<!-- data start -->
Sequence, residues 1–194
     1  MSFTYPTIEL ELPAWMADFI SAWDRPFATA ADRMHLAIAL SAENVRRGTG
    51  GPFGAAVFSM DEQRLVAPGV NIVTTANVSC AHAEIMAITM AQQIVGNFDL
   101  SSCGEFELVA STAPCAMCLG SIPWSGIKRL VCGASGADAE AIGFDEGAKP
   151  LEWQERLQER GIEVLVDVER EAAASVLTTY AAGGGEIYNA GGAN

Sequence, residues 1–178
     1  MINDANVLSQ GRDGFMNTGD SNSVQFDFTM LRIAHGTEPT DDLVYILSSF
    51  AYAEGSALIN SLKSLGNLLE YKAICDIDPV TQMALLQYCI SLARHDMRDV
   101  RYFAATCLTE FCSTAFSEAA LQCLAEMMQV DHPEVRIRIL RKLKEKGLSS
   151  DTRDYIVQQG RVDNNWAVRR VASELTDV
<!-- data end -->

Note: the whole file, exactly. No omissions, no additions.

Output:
Sequence, residues 1–194
     1  MSFTYPTIEL ELPAWMADFI SAWDRPFATA ADRMHLAIAL SAENVRRGTG
    51  GPFGAAVFSM DEQRLVAPGV NIVTTANVSC AHAEIMAITM AQQIVGNFDL
   101  SSCGEFELVA STAPCAMCLG SIPWSGIKRL VCGASGADAE AIGFDEGAKP
   151  LEWQERLQER GIEVLVDVER EAAASVLTTY AAGGGEIYNA GGAN

Sequence, residues 1–178
     1  MINDANVLSQ GRDGFMNTGD SNSVQFDFTM LRIAHGTEPT DDLVYILSSF
    51  AYAEGSALIN SLKSLGNLLE YKAICDIDPV TQMALLQYCI SLARHDMRDV
   101  RYFAATCLTE FCSTAFSEAA LQCLAEMMQV DHPEVRIRIL RKLKEKGLSS
   151  DTRDYIVQQG RVDNNWAVRR VASELTDV